So, one author asked me "But isn't having an editor just like having a critique partner who can force you to do stuff to your book?"
Um. No. At least, not in my experience (and I want to be clear in all these posts that my observations are very subjective and based solely on my experience - so other authors may say differently).
Here's the thing, I've talked before about how critical I think it is for authors to critique for each other. My opinion on that hasn't changed. I will still (when time allows), make great use of CP's, and hopefully they'll continue to make use of me.
But there is a WORLD of difference between a critique partner's role, and an editor's. Here's my short list:
|Makes suggestions for story either in-line, as an overarching letter or notes list, or chapter by chapter.||Re-reads entire novel several times with new focus each time - substantive editing (over-arching plot/character development), close-editing (writing/technical direction), and line-editing (instruction offered line-by-line with specific location and detailed analysis of changes and redirection). Book is also copy-edited at the end by another editor to check punctuation, grammat, continuity, etc.|
|Reads from point of view of writer, offers subjective advice based on personal experience/expertise (which in some cases is advanced, others not).||Reads from the point of view of an editor - professional knowledge and understanding of story structure, character development, reader engagement, etc, etc, etc. Brings years of study and experience to the table and is able to identify, qualify, and instruct at each stage.|
|Usually one of a chorus of voices. Author looks for consistent advice and/or suggestions that fit the author's view of the story.||Offers a single, professional voice to guide the development of the book. Yes, you are putting all your eggs in one basket, so to speak, but the basket really knows what it's doing. (And in my case was incredibly personal and considerate in offering advice for new directions and/or significant cuts).|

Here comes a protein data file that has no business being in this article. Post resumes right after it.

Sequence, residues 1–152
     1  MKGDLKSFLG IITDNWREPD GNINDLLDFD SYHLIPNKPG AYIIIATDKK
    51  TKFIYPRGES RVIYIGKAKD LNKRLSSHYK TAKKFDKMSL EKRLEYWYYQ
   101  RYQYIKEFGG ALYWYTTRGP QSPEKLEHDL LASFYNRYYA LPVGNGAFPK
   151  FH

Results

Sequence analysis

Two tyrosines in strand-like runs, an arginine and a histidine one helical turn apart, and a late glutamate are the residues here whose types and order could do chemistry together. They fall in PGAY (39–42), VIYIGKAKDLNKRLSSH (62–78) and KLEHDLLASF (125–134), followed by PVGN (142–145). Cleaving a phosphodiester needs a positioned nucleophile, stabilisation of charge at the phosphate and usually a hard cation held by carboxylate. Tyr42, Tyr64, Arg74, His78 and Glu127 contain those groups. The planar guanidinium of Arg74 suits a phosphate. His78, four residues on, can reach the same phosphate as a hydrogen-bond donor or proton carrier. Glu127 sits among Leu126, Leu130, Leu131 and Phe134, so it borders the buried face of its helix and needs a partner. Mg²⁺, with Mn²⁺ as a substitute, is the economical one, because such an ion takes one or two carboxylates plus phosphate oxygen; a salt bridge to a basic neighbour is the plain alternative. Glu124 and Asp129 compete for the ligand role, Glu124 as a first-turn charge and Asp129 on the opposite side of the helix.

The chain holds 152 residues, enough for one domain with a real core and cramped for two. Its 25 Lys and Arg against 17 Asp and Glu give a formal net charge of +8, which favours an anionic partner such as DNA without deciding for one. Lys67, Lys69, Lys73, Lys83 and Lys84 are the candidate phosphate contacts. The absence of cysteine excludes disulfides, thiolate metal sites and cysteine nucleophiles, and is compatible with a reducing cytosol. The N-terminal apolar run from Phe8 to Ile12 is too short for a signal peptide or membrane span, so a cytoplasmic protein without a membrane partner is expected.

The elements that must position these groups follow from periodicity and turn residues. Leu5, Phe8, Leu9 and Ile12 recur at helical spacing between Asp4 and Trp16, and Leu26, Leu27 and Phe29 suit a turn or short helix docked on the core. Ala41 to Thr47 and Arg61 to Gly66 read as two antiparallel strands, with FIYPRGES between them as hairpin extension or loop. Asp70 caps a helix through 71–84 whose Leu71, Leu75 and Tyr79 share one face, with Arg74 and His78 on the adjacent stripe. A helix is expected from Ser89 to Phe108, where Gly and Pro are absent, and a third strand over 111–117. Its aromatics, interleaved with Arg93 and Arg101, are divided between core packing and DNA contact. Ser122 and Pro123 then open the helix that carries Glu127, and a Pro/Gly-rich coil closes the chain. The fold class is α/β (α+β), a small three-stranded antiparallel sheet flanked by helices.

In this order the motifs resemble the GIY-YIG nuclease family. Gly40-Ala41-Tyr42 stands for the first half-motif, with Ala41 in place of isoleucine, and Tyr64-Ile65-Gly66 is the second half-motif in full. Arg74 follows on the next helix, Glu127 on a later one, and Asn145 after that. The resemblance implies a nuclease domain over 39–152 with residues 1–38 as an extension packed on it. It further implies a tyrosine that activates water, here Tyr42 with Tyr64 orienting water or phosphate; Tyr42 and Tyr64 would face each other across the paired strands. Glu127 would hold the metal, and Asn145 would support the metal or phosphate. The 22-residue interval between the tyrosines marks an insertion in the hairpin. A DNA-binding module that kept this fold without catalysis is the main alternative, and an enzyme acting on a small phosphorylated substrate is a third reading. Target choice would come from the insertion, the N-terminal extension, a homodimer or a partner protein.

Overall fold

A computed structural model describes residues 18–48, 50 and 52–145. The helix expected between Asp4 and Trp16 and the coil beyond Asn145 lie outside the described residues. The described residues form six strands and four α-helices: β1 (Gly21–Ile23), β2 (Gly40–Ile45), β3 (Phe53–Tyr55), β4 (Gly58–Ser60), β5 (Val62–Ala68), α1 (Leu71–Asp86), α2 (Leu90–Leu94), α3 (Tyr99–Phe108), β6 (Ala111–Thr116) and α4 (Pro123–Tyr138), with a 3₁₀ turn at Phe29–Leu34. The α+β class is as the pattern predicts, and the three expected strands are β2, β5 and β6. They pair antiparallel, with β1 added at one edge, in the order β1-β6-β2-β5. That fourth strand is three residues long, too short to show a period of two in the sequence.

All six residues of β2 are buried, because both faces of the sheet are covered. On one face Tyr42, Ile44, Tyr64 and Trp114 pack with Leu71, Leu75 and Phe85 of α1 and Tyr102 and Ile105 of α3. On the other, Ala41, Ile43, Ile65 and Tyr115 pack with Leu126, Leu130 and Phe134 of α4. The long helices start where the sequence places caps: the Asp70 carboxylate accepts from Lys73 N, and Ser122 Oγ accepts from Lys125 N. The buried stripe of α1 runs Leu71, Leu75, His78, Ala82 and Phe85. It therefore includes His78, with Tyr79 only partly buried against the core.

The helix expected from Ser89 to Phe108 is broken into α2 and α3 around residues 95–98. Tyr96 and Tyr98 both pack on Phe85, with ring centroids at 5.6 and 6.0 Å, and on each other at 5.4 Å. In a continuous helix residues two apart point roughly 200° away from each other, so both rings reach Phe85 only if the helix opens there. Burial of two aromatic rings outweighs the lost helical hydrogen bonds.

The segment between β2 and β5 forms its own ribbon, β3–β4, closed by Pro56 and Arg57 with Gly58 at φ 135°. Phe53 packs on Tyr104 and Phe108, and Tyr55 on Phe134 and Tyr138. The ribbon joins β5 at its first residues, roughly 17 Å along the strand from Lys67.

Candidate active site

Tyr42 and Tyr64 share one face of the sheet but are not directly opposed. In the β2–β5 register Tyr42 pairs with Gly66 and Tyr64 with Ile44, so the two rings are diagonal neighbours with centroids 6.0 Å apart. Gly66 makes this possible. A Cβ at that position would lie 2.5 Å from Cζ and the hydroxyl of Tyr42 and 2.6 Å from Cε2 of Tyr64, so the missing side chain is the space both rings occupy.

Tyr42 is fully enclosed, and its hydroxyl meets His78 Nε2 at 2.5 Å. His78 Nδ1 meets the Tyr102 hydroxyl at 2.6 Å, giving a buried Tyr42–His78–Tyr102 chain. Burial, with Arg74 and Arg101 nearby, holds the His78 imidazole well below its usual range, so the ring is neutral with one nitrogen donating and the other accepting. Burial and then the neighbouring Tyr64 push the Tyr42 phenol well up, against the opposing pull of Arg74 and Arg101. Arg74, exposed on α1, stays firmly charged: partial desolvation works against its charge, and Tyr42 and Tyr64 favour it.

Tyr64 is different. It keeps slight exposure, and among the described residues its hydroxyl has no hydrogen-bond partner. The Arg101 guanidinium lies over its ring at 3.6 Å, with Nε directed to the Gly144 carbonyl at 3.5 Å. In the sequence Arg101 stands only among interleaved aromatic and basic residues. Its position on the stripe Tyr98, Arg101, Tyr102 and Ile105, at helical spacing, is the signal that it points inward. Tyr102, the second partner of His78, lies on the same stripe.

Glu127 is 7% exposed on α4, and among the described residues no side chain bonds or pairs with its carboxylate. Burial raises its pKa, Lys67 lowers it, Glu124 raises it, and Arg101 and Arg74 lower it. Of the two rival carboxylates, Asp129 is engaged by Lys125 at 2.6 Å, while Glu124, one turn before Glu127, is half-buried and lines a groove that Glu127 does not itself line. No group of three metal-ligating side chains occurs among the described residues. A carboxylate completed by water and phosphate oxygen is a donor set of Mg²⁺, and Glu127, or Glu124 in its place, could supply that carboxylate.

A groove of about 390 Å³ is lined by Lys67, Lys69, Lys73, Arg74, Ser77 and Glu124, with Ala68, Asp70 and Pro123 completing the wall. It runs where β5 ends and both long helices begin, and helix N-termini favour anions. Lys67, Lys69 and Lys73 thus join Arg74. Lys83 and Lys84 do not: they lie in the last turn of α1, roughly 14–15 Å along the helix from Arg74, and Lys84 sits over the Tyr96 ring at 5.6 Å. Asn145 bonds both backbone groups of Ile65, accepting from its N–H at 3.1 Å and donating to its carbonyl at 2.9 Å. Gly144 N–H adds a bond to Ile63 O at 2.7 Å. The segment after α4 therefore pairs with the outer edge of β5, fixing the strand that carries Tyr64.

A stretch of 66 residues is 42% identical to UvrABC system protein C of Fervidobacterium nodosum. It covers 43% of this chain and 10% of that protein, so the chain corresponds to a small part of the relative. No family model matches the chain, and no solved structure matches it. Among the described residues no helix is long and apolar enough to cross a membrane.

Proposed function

|Focuses on helping the author identify flaws and/or offers encouragement where book is shining to aid future drafts.||Focuses on making the book the absolute best it can possibly be. No more room for "next time", this is knock-down-drag-out-get-this-baby-in-shape time.|
|Provides author a sounding board and ally - and, if you're lucky, a friend in the trenches.||Provides author an industry advocate, professional guidance, a touch of therapy and (hopefully) future-proofing.|
This might make it sound like I'm knocking CP's. I promise, I'm not at all. I think that process is critical for any and every writer.
What I've observed, though, at least for myself, is a difference in the roles. CP's offer advice and suggestions that an author then agonizes over - which advice to take? Which suggestions will work best?
To my mind, there's a lot of ambiguity involved in the CP process (which is as it should be - after all, the book is really still in development). But with an editor there's a lot more clarity. We have a goal, we have a focus, and we're working toward it together. Sometimes we'll have to discuss an issue to find a solution that works for both of us. But we're also collaborating to work out those suggestions that seem great, but feel too hard.
I guess what I'm getting at is that with a CP you're still aiming for a book that will tempt an editor into a deal, or tempt readers to press the buy-now button. You're still flying blind, a little. When you're working with an editor, you've found the person who's going to partner you in finally attaining that goal.
At least, that was my experience!
Your Turn: Did your experience differ to mine? Or, I'm happy to offer more info on the editing process if you have questions. Ask away!
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